In a horse-training field, in Orin, WY, a family of women prepared for five months to welcome 440 guests. Drivers turned right at the Orin State Park and Rest Area, and entered the property where the Hegglund Sisters welcomed campers with broad smiles and rosy cheeks. The sisters come from a long line of women in hospitality in Douglas, WY and know how to make people feel at home.
Daviette, Tiffani, Amy, and Nikky started working on the Eclipse project in March, when their father, Charlie Heggelund, gathered them and said, “I want to be remembered me as an honest man. Hotel rooms are going off the roof. God blessed us with the land. Let’s open our house and give everybody a chance to watch the eclipse.” By “our house” he meant a forty-acre piece of land along the interstate, right next to the Orin State Park and Rest Area, which they use for horse training.
Charlie inherited from his remarkable mother, Wanda, a beautiful woman who adorned her hair with bright flowers. Wanda was born in the Birthing Center in 1932. When her mother died, she inherited the 13-cabin motel called Plains Motel & Trading Post. The Trading Post had been in operation since after the Great Depression and needed some work.
By the time Wanda Heggelund became a business owner, she was already a divorced woman. Although Wanda later fell in love with Neil Goodrich, she never married again. Neil helped Wanda build the expansion to the motel and the 24/7 Restaurant next to it. She mixed cement, laid brick and ordered supplies, everything except hammer a nail.
Wanda fell in love with restoration and repurposing. The birthing center later became a retirement home, until finally the family bought it in 1970. They moved it to their grounds near the Plains Motel & Trading Post and turned the Birthing Center into the Old Fashion Ice Cream Parlor in Douglas, WY today. The artifacts found in that building have been restored and now decorate both the restaurant and the Ice Cream Parlor. Wanda’s labor of love turned into a tradition of female hospitality, of lost and found, and of hope that the family carries on.
The new generation of Hegglands keeps the business booming. The restaurant has closed only twice since then, once for Neil’s funeral, the second time when somebody tried to take advantage of Wanda when she was old and feeble. The entire family went to court and won. And there is no slowing down. The eclipse proved that they know how to turn opportunities into business ideas.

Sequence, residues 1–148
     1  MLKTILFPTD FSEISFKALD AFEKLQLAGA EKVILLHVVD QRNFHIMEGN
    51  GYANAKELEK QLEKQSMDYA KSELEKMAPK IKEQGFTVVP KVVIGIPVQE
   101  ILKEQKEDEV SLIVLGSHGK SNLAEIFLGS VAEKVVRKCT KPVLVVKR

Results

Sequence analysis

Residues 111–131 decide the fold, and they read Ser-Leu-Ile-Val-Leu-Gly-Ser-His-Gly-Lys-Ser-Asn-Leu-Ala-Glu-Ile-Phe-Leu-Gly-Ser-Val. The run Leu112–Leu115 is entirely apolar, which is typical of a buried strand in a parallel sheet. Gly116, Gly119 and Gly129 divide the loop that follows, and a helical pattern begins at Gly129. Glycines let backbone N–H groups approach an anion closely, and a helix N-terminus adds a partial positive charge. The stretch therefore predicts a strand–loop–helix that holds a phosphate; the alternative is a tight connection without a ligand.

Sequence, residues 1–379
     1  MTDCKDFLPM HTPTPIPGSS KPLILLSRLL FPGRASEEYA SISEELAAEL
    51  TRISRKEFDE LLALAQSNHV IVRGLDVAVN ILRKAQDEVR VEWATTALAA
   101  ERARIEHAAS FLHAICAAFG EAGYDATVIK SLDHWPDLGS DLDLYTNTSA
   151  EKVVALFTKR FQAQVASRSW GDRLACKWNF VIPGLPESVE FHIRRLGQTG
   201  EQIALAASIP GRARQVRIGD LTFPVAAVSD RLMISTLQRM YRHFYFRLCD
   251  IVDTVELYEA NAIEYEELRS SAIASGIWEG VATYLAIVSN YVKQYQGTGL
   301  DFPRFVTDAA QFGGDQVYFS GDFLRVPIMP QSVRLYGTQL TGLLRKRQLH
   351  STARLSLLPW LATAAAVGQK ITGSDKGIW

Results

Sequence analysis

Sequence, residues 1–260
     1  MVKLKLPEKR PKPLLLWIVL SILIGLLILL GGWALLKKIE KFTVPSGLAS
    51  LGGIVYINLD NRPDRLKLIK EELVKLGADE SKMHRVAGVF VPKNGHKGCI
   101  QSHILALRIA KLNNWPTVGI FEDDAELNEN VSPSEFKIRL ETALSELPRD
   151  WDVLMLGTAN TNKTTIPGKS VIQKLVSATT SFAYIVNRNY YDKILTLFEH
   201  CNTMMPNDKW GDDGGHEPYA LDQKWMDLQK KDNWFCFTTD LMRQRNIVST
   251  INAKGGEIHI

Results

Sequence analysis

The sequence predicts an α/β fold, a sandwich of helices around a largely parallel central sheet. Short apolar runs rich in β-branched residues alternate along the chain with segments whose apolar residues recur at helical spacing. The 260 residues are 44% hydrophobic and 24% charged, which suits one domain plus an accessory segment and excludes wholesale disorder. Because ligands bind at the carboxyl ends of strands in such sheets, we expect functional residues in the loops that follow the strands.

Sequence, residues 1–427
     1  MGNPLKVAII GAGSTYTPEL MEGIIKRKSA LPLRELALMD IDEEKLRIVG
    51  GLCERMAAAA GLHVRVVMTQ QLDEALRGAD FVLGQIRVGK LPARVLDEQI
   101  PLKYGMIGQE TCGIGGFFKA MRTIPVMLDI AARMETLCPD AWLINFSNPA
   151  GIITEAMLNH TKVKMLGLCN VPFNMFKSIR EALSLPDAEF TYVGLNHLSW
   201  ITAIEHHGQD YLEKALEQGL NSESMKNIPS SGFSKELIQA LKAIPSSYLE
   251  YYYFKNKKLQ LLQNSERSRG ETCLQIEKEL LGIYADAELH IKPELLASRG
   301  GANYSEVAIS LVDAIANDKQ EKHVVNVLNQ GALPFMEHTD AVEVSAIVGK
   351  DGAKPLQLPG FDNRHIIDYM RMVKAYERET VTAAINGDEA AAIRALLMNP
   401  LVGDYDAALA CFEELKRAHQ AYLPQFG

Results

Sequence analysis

The evening before the eclipse, the Heggland Sisters skillfully managed the event. Daviatte took care of reservations and registrations from a wide table in front of an RV at the entrance of the campgrounds. Amy sold souvenirs and setting up the welcoming part of the camp. Tiffani was in the bar, and Vicky, who lives on the land with her husband Richard, was the social butterfly making sure the eclipse-seeking campers felt welcome and comfortable.
By seven p.m the night before the eclipse, the Heggland sisters, their husbands and children, the employees from their several business, and even some friends, all helped to serve dinner to the 440 guests and the 1080 more that had joined without a previous reservation. They were prepared to welcome photographers and eclipse enthusiasts from all over the USA and the world. As the line in front of the impromptu restaurant grew to fill the plates with meat, salad, and beans, as we lined up for a cold beer, the night buzzed with the anticipation of the extraordinary.
The next day, the hard work of the four sisters and their families paid of. Around two thousand people were on their property watching the eclipse. They served breakfast and saw their guests to their campsites to watch the sky.
At 10 am. The show started with the moon entering the sun on the upper right side. We all watched how it slowly positioned itself in front of the sun. By 11:20 the temperature dropped, and a strange shadow seemed to follow everything. The shadow was so sharp that people could see their hair’s strands clearly. The dogs barked and the birds headed to their spot in the trees. At noon, the spectacle had reached its peak. A total solar eclipse marveled the attendants in ways they will never see again in their lifetime. The dark silhouette of the moon juxtaposed against a white ring of light, the sun. People took their glasses off while shrieks of joy inundated the space. Night suddenly fell and for the next two and a half minutes, everybody was so happy to witness the miracles nature offered. When the last rays became diamond beads, and dark glasses reappeared on faces of those reluctant to accept that the magic show was over.
The Heggland sisters said good-bye to the campers with smiles on their faces. Daviette, Nicky, Amy, and Tiffani paid tribute to Wanda by honoring her legacy of hospitality management. The campers will remember their names every time they reminiscence on the magic of the totality we witnessed in Orin, Wyoming on August 21, 2017.